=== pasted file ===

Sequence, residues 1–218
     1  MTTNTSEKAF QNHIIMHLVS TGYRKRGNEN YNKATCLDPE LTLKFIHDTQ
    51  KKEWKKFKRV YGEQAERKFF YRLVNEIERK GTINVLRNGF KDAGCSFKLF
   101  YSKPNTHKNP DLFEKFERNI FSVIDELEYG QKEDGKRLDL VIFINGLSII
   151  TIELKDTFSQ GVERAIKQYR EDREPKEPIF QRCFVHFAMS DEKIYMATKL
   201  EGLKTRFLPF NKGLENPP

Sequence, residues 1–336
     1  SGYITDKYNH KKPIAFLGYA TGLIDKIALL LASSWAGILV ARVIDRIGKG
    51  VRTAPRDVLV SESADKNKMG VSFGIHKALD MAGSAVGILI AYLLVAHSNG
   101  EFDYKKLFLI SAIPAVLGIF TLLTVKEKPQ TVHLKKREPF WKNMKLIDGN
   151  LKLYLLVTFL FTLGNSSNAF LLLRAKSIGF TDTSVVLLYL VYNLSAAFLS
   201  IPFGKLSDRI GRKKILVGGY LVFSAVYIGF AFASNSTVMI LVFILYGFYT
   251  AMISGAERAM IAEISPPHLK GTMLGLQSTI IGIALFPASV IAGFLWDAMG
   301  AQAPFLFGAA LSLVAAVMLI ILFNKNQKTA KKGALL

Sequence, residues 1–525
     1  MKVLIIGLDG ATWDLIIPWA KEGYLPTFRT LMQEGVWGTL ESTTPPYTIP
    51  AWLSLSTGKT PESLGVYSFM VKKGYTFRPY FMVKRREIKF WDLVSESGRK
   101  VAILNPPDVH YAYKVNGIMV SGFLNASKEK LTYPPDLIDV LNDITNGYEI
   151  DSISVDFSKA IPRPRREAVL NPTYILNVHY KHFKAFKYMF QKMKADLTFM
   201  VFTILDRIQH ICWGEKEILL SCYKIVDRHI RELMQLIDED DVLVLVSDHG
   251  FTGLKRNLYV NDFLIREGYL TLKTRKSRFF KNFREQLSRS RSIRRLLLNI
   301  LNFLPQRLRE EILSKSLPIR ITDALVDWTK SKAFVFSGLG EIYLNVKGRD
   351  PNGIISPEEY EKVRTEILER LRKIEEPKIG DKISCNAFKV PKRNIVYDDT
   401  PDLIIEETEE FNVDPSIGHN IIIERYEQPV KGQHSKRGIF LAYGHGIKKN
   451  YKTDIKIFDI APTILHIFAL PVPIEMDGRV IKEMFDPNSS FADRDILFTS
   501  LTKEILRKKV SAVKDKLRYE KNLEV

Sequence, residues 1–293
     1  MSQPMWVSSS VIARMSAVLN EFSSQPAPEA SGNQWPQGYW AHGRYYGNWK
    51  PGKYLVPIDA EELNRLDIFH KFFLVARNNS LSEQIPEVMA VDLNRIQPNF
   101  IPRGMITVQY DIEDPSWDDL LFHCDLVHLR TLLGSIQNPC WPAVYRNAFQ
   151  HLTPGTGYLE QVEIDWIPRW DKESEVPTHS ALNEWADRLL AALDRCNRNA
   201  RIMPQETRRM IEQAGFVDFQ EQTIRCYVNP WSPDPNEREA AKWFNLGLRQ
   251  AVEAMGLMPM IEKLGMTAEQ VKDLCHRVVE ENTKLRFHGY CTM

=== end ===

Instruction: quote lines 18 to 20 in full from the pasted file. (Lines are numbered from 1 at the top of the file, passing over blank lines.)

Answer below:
   101  VAILNPPDVH YAYKVNGIMV SGFLNASKEK LTYPPDLIDV LNDITNGYEI
   151  DSISVDFSKA IPRPRREAVL NPTYILNVHY KHFKAFKYMF QKMKADLTFM
   201  VFTILDRIQH ICWGEKEILL SCYKIVDRHI RELMQLIDED DVLVLVSDHG